Friday, November 15, 2013

Fiction Review: Where’d You Go, Bernadette

Last night, I had a wonderful experience attending an event sponsored by my local bookstore, Hockessin Bookshelf. It is a book discussion group called Eat, Drink, Read, held at a local shop owned by a chef. The chef cooks dinner for the group – a dinner based on the book! – and the participants discuss the book while enjoying their meal. It was a fabulous evening – great company, good discussion, and amazing food, a winning combination. The book we discussed last night was Where’d You Go, Bernadette by Maria Semple, and everyone enjoyed both the book and the discussion (and the dinner!).

Where’d You Go, Bernadette is a completely unique novel filled with hilarious satire yet also warmth.  The entire novel is told through a wide variety of media, including e-mails sent between the characters, letters, receipts, and other documents. Bernadette is the mother of a daughter, Bee, who is in 8th grade in a small private school in Seattle. Having moved from L.A. twenty years ago, Bernadette has still not acclimated to life in the Pacific Northwest. She’s something of a shut-in, avoiding interacting with other people as much as possible, though she clearly loves Bee and is a good mother to her.

Bee’s husband, Elgie, is a big shot at Microsoft (a rock star who gave the 4th most popular TED talk ever, as one of his admirers gushes), working in its iconic Seattle campus where he clearly does feel at home. Elgie, Bernadette, and Bee live in a ramshackle building on a hill that used to be a girls’ reform school. Under Bernadette’s neglect, the house is falling apart, but she has a new approach to life – she has hired herself a virtual assistant in India who does everything for her from arranging for yard work to making a dinner reservation to ordering her prescriptions (we all agreed last night that we’d like our own virtual assistants!).

We know from the first page of the novel that Bernadette disappeared two days before Christmas, so all of these various documents that make up the novel go back and gradually fill in the blanks as to what happened in the weeks and months (and years) leading up to this upsetting event. Hearing from the different characters’ perspectives helps to slowly build a picture of who Bernadette is and what she’s done. Though her actions seem odd at first, learning about her past helps the reader to feel some empathy for Bernadette.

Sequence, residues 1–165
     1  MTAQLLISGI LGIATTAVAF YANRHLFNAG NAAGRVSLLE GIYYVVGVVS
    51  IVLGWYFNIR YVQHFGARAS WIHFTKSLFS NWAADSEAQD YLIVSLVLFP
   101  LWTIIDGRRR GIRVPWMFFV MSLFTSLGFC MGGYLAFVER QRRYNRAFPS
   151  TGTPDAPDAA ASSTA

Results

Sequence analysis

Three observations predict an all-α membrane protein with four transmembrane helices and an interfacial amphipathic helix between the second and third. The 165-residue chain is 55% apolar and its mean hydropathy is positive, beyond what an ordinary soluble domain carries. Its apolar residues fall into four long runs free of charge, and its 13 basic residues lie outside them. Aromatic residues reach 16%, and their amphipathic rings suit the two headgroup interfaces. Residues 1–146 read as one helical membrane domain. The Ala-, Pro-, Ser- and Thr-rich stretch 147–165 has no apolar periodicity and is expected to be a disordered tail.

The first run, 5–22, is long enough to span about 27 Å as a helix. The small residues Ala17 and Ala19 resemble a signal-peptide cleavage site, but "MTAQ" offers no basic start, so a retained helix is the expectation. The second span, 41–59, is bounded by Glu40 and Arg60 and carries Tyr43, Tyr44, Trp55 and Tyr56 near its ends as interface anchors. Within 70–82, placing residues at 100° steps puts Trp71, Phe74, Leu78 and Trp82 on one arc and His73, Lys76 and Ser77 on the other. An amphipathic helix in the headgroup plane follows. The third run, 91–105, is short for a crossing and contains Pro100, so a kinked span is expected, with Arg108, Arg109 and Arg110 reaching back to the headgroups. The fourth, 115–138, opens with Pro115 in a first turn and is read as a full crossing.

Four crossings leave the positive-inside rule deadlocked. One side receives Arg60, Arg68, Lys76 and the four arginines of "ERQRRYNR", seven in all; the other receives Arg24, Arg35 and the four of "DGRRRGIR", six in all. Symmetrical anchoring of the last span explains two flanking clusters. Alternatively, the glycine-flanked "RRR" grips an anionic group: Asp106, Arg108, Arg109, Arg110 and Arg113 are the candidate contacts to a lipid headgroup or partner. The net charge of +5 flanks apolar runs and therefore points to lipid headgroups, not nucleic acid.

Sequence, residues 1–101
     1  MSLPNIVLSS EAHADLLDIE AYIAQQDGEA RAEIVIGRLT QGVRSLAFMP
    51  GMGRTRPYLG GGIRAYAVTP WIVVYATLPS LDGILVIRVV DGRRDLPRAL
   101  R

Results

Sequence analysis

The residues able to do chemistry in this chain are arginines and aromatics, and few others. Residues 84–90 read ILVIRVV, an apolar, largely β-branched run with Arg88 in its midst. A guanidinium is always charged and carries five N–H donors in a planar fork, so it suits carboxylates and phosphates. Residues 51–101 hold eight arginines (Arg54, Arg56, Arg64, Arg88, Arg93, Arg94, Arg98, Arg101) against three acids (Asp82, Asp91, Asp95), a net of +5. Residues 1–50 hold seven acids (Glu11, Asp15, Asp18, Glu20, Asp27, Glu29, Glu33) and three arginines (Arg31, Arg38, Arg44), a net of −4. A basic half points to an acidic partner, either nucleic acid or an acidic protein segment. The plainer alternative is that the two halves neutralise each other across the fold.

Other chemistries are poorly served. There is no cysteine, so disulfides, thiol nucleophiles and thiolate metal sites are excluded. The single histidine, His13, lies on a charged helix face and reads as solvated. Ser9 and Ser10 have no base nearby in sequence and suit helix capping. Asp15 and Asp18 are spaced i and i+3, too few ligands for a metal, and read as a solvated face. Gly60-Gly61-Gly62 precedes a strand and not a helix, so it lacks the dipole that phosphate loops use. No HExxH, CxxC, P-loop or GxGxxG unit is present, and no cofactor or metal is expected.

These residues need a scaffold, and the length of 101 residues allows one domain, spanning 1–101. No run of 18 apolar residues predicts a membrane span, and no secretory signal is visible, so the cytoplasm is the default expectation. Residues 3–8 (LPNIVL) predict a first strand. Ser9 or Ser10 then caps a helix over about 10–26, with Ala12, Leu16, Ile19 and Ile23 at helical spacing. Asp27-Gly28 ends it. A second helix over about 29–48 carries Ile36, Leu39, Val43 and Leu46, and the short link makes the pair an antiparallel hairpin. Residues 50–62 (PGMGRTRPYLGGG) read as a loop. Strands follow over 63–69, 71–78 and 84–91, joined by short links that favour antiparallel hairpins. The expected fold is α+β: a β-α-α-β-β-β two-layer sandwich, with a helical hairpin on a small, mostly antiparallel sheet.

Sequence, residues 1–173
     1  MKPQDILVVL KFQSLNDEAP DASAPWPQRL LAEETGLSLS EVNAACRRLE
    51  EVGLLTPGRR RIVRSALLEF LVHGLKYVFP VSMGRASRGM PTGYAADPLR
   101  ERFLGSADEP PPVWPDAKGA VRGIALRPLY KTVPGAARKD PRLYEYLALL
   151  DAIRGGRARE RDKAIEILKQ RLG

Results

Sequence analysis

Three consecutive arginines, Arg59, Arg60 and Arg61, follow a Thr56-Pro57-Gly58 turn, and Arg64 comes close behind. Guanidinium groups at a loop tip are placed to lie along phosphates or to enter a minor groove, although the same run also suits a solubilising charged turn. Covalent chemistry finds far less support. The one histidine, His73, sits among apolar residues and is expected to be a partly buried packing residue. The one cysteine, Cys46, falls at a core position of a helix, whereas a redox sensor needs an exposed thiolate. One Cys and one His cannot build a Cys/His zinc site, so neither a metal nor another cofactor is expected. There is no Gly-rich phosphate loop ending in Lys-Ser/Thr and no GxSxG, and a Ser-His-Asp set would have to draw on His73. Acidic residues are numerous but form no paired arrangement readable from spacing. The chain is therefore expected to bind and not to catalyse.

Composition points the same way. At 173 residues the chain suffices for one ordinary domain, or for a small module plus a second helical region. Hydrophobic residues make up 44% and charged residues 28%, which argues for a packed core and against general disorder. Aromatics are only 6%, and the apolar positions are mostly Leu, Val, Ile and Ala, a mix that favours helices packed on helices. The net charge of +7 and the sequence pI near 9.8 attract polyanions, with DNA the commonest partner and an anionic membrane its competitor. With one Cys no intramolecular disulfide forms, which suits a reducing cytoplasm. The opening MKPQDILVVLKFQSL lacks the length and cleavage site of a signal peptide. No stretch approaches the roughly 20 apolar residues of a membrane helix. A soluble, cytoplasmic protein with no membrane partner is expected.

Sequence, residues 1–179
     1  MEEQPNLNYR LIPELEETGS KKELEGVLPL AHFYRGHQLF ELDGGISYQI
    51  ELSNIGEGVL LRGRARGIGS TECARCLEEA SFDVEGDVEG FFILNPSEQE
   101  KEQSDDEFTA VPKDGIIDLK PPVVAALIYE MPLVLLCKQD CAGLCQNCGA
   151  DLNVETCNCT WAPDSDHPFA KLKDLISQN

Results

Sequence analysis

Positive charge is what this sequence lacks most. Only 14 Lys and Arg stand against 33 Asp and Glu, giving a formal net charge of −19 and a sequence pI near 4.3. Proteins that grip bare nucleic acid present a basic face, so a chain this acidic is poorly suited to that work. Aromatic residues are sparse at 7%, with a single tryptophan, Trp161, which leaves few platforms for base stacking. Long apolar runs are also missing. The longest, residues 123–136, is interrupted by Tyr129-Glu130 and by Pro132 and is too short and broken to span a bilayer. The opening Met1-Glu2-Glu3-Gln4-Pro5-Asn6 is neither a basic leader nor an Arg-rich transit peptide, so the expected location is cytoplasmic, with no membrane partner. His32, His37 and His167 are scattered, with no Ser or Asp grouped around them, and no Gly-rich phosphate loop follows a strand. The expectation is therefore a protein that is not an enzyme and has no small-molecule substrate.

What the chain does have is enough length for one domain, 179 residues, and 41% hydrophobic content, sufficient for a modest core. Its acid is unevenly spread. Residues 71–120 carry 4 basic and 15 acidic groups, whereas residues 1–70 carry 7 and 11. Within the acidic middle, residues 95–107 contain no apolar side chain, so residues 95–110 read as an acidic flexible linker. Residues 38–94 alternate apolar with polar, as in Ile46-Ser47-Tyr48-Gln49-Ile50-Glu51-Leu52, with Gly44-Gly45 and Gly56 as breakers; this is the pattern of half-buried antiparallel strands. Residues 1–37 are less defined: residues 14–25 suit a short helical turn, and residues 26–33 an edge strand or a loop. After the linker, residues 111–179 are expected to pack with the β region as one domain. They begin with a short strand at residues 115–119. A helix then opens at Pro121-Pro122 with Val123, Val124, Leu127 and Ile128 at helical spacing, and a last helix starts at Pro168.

Plot summary alone doesn’t do this novel justice; what you can’t tell from this description is that this book is hilariously, laugh-out-loud funny and extremely clever.  Semple’s satire focuses, in turn, on the Pacific Northwest in general and Seattle in particular, Microsoft’s unique corporate climate, being a parent with school-age kids in today’s world, and even modern life in general. As a parent, I loved the satire about schools and over-involved parents and was laughing right from the very first page, where Bee’s report card shows that the worst grade a child at Galer Street School can get is a W for Working Toward Excellence!

Here’s how Bernadette describes Seattle in a letter to an old L.A. colleague:

“Greetings from sunny Seattle, where women are “gals,” people are “folks,” a little bit is a “skosh,” if you’re tired you’re “logy,” if something is slightly off it’s “hinky,” you can’t sit Indian-style but you can sit “crisscross applesauce,” when the sun comes out it’s never called “sun” but always “sunshine,” boyfriends and girlfriends are “partners,” nobody swears but someone occasionally might “drop the f-bomb,” you’re allowed to cough but only into your elbow, and any request, reasonable or unreasonable, is met with “no worries.”

Have I mentioned how much I hate it here?”

I wondered if this book would appeal mainly to parents of school-aged kids, but there were plenty of non-parents in the group last night who thoroughly enjoyed the satire also. While the humor in this novel is a big part of its attraction, that’s not all it has to offer; the novel  is also clever and warm and even a bit of a mystery. The author spotlights family relationships, using satire to deal with some very serious issues. Relationships between mother and daughter, between spouses, and between father and daughter are all explored here. I thoroughly enjoyed this novel, as did all of our book discussion participants (I think the lowest rating out of 5 was a 3 and many gave it a 4 or 5). After such a unique, clever, and hilarious novel, I look forward to seeing what Semple comes up with next.

326 pages, Back Bay Books (Little, Brown & Company)
P.S. If you read the novel, do not skip over “Dear Mountain Room Parents” in the back, after the acknowledgments. This essay by Semple, originally published in The New Yorker, had me – and my husband – laughing hysterically. The phrase “nondenominational potato prints” still cracks us up!

P.P.S. Oh, and we heard last night, that this novel is being made into a movie! Semple herself is writing the screenplay, since she used to write for TV (Mad About You, Ellen, Arrested Development) before she became a novelist. Can't wait!


  1. Oh my goodness, while I was reading this I was thinking it would make such a good movie! Glad to here it will be and Semple is doing the screenplay herself :D

    Love your review!

  2. Wow! This one sounds great. I'm definitely going to put it on my list. It's funny, because it was on a list that I got in my email today, so it was already on my mind.